"They don't know what it looks like. They don't care who it will help. The only thing they are in interested in, is having a fight," he said.

"They are so addicted to saying no, that they have already promised to reverse these tax cuts — and increase taxes on 11.5 million hard-working Australians if they win the next election."


Leader of the opposition Peter Dutton said there were "more questions than answers" of the prime minister after his speech, adding that he had "misled" Australians.

"I think you've got to look past the rhetoric and the lies and the reality of people's lives. $15 a week is not going to cut it for families who continue to pay more and more for their energy bills under Labor," he said.

"That's not going to cut it when you are paying $15,000 or $25,000 more in your mortgage payments under this government."

Mr Dutton challenged the prime minister to call an election: "He should call an election and put the changed position to the Australian people and let them be the judge of his character, whether he's fit to be prime minister of this country, and whether they could ever trust him again".

Tax cut changes still need to pass parliament

While the government doesn't need the Coalition to pass the changes the caveat it will still need the support of the Greens and some of the crossbench.

Greens leader Adam Bandt said the party will use its leverage as the government tries to pass the new cuts, arguing even more needs to be done for low- and middle-income earners.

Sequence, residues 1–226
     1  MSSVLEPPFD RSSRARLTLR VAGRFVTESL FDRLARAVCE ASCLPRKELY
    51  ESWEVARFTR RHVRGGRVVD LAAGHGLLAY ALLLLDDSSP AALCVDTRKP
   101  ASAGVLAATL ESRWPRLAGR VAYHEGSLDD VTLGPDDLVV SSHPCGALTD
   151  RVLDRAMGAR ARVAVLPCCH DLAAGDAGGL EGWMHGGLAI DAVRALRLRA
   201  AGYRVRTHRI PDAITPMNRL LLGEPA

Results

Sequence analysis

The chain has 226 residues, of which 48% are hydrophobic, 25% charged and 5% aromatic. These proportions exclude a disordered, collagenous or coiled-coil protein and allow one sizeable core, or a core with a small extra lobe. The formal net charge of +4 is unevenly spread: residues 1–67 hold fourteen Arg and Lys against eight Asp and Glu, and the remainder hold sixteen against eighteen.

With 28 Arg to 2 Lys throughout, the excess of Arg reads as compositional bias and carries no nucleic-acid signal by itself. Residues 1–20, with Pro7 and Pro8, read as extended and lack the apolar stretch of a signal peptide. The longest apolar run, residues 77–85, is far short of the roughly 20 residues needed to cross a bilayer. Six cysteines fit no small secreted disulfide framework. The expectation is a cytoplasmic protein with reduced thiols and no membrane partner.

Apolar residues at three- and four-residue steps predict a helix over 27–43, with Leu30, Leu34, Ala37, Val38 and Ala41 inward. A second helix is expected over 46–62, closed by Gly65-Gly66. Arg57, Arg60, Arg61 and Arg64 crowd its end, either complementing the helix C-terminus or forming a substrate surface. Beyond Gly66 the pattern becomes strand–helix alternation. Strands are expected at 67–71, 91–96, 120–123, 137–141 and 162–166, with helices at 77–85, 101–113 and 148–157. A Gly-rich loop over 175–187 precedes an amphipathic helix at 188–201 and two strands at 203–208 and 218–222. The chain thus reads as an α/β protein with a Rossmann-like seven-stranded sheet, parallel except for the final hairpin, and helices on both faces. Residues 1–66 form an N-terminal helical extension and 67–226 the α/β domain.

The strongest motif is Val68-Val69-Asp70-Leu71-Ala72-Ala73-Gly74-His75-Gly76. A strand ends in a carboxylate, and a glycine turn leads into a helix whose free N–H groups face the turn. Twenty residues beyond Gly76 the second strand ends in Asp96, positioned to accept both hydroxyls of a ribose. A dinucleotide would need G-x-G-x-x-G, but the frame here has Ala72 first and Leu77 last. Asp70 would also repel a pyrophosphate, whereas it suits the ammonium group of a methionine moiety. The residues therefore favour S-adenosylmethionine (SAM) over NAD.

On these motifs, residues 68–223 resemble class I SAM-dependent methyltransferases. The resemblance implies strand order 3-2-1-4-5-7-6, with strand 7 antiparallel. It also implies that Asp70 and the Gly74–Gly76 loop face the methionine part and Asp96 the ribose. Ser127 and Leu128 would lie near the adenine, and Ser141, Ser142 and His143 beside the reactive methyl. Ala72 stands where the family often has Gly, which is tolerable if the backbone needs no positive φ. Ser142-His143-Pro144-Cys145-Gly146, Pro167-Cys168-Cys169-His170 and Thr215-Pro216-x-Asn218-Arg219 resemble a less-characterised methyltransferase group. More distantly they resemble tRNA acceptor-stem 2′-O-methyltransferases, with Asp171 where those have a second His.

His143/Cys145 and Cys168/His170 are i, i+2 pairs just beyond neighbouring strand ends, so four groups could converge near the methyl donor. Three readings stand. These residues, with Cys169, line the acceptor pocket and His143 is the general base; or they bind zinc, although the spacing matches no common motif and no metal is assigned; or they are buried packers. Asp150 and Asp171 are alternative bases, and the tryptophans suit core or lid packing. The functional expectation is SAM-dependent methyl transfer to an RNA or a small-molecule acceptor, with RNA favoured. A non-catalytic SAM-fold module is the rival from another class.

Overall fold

Mr Bandt said the changes were not enough and any tax break for those on higher incomes was hard to justify.

"As this now works its way through the parliament, we'll be asking is this really the best Labor can do for low- and middle-income earners in the middle of Labor's housing and rental crisis," he said Thursday afternoon.

When asked if the changes would pass parliament, as is, the prime minister said that it was "the best proposal" that was "backed by the treasury".

"We think this is the right thing to do and as I said, we have changed our view on income tax and we are explaining our reasons why," he told the Press Club.

"It won't be inflationary, it will make a difference for Australians overwhelmingly, everyone will get a tax cut."

On the actual prospect of the revised changes passing he said:"We will argue our case, that's all I'm doing here today and I'm confident that we will be able to get it carried in the House of Representatives and the Senate."

ACCC inquiry into supermarkets

Mr Albanese, in keeping with the addresses theme of tackling cost of living pressures for all Australians, announced another inquiry into the supermarket industry.

The treasurer will direct the ACCC to conduct a 12-month price inquiry into Australian supermarkets.

"The ACCC has significant powers – and it is the best and most effective body to investigate supermarket prices.

"To examine the difference between the price paid at the farm gate – and the prices people pay at the check-out.

"For me, it's this simple.

"When farmers are selling their product for less, supermarkets should charge Australians less."

Woolworths Group CEO Brad Banducci said he welcomed the "opportunity to assist the ACCC with its inquiry".

"We know many Australian families are doing it tough and looking for relief at the checkout," he said in a statement.